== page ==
The ecological processes that influence biogeographical patterns of microorganisms are actively debated. To investigate how such patterns emerge during ecosystem succession, we examined the biogeochemical drivers of bacterial community assembly in soils over two environmentally distinct, recently deglaciated chronosequences separated by a distance of more than 1300 km. Our results show that despite different geographic, climatic, and soil chemical and physical characteristics at the two sites, soil bacterial community structure and decomposer function converged during plant succession. In a comparative analysis, we found that microbial communities in early succession soils were compositionally distinct from a diverse group of mature forest soils, but that the differences between successional soils and mature soils decreased from early to late stages of succession. Overall differences in bacterial community composition between sites were explained by soil pH. However, within-site successional patterns – leading to community convergence across sites at the latest stage of succession – were explained by alternate factors such as soil organic carbon and soil organic matter chemistry, which were correlated to bacterial community structure across both glacial and mature forest soils.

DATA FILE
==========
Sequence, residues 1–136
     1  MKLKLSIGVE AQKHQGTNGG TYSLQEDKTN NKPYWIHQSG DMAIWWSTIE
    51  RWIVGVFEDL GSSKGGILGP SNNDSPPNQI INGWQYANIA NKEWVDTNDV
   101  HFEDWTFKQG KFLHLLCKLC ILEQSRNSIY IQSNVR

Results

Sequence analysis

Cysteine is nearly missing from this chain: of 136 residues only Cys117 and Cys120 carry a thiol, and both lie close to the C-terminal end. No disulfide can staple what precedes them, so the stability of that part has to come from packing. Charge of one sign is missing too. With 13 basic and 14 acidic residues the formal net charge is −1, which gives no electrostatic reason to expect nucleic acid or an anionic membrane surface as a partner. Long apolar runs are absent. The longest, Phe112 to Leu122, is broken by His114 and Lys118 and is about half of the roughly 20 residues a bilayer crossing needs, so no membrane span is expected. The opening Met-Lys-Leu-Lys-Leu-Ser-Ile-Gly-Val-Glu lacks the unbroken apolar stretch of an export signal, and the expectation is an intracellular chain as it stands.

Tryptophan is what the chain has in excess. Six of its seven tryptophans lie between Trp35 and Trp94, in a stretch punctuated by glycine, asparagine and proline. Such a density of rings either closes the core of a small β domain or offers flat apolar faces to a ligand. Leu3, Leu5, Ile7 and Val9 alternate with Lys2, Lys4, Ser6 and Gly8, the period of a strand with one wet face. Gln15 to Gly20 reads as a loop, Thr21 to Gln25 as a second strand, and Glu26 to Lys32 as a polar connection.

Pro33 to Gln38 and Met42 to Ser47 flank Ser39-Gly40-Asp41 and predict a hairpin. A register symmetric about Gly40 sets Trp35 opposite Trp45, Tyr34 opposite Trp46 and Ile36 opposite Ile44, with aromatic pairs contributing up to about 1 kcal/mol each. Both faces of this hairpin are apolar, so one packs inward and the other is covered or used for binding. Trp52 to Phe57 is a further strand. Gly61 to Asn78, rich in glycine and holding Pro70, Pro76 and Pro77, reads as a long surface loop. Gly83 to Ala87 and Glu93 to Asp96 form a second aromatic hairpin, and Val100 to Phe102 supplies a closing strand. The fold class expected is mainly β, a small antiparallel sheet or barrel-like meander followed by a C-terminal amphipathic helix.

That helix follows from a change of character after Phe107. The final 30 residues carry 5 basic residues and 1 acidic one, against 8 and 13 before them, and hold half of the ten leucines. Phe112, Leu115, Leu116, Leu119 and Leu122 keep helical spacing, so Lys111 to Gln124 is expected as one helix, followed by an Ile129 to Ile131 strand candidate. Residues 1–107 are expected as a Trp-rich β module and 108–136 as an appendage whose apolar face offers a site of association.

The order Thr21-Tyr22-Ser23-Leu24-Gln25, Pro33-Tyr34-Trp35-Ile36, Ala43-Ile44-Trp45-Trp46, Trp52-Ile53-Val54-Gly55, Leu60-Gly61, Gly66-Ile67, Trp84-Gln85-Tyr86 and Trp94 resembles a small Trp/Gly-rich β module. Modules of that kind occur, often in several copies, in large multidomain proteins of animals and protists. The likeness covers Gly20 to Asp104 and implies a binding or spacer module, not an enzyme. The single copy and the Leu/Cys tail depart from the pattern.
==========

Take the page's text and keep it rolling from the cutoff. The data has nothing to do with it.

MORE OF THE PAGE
Bibliographical noteFunding Information:
We thank Noah Fierer and Chris Lauber for providing us with soil samples and Sean O'Neill for assistance with molecular sample processing. We thank Sasha Reed and several anonymous reviewers for their comments on an earlier version of this manuscript. This project was funded the National Science Foundation ( NSF DEB-0922306 ). E.B.G was supported by the Microbiomes in Transition (MinT) Initiative at Pacific Northwest National Laboratory, operated by Battelle for the U.S. Department of Energy ( DE-AC05-76RL01830 ).
- 16S rRNA gene sequencing
- Microbial succession
- Soil carbon chemistry